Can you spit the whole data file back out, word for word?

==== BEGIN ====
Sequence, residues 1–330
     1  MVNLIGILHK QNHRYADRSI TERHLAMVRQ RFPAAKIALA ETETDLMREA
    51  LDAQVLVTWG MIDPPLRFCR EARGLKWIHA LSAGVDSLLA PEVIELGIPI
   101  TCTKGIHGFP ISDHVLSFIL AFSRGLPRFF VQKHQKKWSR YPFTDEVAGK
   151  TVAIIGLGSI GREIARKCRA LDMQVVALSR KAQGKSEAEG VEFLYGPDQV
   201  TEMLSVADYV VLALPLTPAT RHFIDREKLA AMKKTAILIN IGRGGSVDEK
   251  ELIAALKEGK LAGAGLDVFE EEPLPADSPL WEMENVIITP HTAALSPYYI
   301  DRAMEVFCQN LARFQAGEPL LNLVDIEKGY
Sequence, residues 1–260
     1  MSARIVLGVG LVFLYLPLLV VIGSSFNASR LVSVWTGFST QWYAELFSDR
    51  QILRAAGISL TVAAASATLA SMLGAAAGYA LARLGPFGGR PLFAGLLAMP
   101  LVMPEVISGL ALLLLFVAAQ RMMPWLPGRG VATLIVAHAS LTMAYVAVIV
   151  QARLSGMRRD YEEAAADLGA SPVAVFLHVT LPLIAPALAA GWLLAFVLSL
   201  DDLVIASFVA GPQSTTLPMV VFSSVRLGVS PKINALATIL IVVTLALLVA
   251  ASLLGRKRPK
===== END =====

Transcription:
Sequence, residues 1–330
     1  MVNLIGILHK QNHRYADRSI TERHLAMVRQ RFPAAKIALA ETETDLMREA
    51  LDAQVLVTWG MIDPPLRFCR EARGLKWIHA LSAGVDSLLA PEVIELGIPI
   101  TCTKGIHGFP ISDHVLSFIL AFSRGLPRFF VQKHQKKWSR YPFTDEVAGK
   151  TVAIIGLGSI GREIARKCRA LDMQVVALSR KAQGKSEAEG VEFLYGPDQV
   201  TEMLSVADYV VLALPLTPAT RHFIDREKLA AMKKTAILIN IGRGGSVDEK
   251  ELIAALKEGK LAGAGLDVFE EEPLPADSPL WEMENVIITP HTAALSPYYI
   301  DRAMEVFCQN LARFQAGEPL LNLVDIEKGY
Sequence, residues 1–260
     1  MSARIVLGVG LVFLYLPLLV VIGSSFNASR LVSVWTGFST QWYAELFSDR
    51  QILRAAGISL TVAAASATLA SMLGAAAGYA LARLGPFGGR PLFAGLLAMP
   101  LVMPEVISGL ALLLLFVAAQ RMMPWLPGRG VATLIVAHAS LTMAYVAVIV
   151  QARLSGMRRD YEEAAADLGA SPVAVFLHVT LPLIAPALAA GWLLAFVLSL
   201  DDLVIASFVA GPQSTTLPMV VFSSVRLGVS PKINALATIL IVVTLALLVA
   251  ASLLGRKRPK